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Patellar Tendinitis

Dr.Okoroha

Patellar Tendinitis Specialist

People who play sports such as basketball or volleyball that involve jumping are at a higher risk of patellar tendinitis which results from repetitive trauma or overuse. Rarely, an acute injury to the tendon that has not healed properly may also lead to patellar tendinitis. Patellar tendinitis specialist, Dr. Kelechi Okoroha provides diagnosis and individualized non-surgical and surgical management for patellar tendinitis in Detroit. Contact Dr. Okoroha’s team for an appointment today!

Patellar tendinitis, also known as "jumper's knee", is an inflammation of the patellar tendon that connects your kneecap (patella) to your shinbone. This tendon helps in extension of the lower leg.

Causes

Patellar tendinitis usually results from repetitive trauma or overuse, particularly from sports activities involving jumping such as basketball or volleyball. Therefore, this condition is also known as jumper’s knee. Rarely, this condition may also occur because of an acute injury to the tendon that has not healed properly.

When a patellar tendinitis is suspected, it is important to schedule an orthopedic consultation for proper examination and care. Dr. Kelechi Okoroha is a patellar tendinitis specialist who provides detailed examination and care for patients with patellar tendinitis in Detroit, Royal Oak, Sterling Heights, Bloomfield Hills, Dearborn, Michigan and beyond.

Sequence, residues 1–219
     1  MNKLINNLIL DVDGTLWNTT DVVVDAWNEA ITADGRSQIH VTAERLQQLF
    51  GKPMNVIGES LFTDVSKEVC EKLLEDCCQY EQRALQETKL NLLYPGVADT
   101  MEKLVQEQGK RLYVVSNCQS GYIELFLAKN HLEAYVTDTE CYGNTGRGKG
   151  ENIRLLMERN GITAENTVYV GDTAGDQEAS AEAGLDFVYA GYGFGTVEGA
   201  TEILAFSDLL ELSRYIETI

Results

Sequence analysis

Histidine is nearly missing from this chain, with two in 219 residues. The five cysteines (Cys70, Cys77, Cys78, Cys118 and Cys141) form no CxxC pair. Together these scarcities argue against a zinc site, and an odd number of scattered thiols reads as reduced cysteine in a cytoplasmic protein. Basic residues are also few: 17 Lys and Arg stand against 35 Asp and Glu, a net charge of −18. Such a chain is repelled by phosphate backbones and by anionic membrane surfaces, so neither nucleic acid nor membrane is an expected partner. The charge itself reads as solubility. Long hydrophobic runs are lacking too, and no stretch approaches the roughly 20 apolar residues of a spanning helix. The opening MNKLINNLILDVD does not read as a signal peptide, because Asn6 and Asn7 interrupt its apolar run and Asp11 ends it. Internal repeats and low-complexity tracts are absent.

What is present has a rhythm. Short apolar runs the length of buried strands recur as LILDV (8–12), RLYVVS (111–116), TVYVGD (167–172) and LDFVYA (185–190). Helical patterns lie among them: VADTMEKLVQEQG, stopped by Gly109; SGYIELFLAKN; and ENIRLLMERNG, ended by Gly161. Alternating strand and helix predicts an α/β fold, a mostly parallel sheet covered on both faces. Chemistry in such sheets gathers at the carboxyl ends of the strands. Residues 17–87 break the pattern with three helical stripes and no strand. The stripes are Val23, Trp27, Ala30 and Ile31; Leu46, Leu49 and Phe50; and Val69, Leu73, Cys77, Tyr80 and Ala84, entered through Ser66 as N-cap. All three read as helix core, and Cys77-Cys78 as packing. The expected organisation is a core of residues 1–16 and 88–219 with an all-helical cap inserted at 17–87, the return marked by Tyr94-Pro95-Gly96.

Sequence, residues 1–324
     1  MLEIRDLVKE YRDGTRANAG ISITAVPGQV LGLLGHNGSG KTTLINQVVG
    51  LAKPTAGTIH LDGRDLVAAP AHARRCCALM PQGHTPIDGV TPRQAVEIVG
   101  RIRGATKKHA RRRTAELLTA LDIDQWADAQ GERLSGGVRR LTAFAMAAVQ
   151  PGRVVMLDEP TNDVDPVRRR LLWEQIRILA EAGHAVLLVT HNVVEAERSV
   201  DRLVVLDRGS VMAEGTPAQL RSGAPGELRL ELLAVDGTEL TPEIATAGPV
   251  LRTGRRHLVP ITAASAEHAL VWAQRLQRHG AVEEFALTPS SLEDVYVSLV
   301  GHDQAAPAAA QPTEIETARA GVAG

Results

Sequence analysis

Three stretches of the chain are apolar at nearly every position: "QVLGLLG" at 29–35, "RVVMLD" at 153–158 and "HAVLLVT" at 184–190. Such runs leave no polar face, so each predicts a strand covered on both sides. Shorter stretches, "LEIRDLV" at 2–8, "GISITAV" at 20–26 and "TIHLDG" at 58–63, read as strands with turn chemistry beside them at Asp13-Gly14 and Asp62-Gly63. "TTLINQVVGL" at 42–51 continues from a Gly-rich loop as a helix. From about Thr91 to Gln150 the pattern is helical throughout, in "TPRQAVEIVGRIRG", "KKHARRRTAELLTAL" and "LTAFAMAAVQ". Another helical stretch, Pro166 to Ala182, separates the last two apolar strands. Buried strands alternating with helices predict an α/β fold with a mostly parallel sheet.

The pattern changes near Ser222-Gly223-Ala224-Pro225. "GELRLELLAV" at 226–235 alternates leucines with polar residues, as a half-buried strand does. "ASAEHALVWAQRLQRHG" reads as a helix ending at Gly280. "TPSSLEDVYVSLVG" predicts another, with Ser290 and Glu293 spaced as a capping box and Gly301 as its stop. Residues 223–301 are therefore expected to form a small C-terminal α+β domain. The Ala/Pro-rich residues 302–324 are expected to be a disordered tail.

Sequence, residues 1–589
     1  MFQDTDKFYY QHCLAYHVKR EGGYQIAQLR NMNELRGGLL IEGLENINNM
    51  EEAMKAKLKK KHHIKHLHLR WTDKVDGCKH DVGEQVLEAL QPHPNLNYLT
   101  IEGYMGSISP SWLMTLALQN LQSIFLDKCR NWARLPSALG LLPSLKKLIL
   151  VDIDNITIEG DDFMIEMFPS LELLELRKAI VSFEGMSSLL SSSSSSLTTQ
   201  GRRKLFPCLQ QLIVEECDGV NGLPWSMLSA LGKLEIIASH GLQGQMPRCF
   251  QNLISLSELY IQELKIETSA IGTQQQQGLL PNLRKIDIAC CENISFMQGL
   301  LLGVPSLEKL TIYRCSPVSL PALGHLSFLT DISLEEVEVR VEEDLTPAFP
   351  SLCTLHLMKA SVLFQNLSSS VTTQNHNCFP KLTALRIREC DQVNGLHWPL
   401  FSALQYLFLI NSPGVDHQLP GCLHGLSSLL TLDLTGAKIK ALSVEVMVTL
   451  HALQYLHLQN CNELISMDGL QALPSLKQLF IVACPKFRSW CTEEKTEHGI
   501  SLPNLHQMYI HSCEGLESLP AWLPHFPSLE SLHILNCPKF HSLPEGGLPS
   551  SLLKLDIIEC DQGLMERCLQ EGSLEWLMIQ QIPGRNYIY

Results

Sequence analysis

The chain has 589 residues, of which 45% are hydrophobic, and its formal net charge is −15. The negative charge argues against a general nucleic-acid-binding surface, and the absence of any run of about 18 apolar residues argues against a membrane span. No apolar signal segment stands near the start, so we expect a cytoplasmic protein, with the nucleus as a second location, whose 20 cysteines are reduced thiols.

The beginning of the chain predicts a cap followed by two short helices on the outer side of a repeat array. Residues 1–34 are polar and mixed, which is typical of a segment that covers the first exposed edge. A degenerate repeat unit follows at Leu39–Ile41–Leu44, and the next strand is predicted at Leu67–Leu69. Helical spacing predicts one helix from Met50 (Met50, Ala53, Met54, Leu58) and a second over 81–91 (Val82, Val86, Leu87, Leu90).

Symptoms

Pain over the patellar tendon is the first symptom of patellar tendinitis. You may also have pain during activities, especially jumping or kneeling. Rarely, swelling around the tendon may be seen.

Diagnosis

Dr. Okoroha will evaluate your condition based on your symptoms and physical examination. X-ray of the knee may be taken to make sure there is no problem involving the bones or bone spurs around the knee. An MRI scan can reveal degenerative changes in the patellar tendon.

Treatment for Patellar Tendinitis

After careful review of your history and examination, Dr. Okoroha will provide an individualized treatment plan to help you return to your normal function.

Conservative treatment options for patellar tendinitis include:

  • Rest the injured knee and avoid activities such as running and jumping that worsen the condition
  • Non-steroidal anti-inflammatory medications (NSAIDs) may be prescribed to provide relief from pain and swelling associated with patellar tendinitis
  • Stretching out before exercising is important to prevent recurrence of patellar tendinitis. These exercises can also help strengthen the patellar tendon and nearby muscles such as the quadriceps, hamstrings, and calf muscles
  • Application of ice to the affected area helps to control the inflammation and reduce the swelling
  • A knee support or strap (called an intrapatellar strap or a Chopat strap) can be worn to relieve pain by directing the force away from your tendon and into the strap
  • Iontophoresis: In this technique, topical corticosteroid medication is applied to the affected area with the help of a small device that uses an electric charge to deliver the medication through your skin
  • Corticosteroid injection: With the guidance of an ultrasound, corticosteroid injection may be given directly into the sheath around the affected patellar tendon. This helps to relieve pain and perform strength exercises without any pain

Surgery

In rare cases such as when there is persistent pain, despite the other treatment options, surgery may be considered. Surgery involves the removal of severely damaged parts of your tendon and repair of any tears in the tendon.

If you have experienced a patellar tendinitis, please contact Dr. Kelechi Okoroha, orthopedic knee specialist treating patients in Detroit, Royal Oak, Sterling Heights, Bloomfield Hills, Dearborn, Michigan and beyond.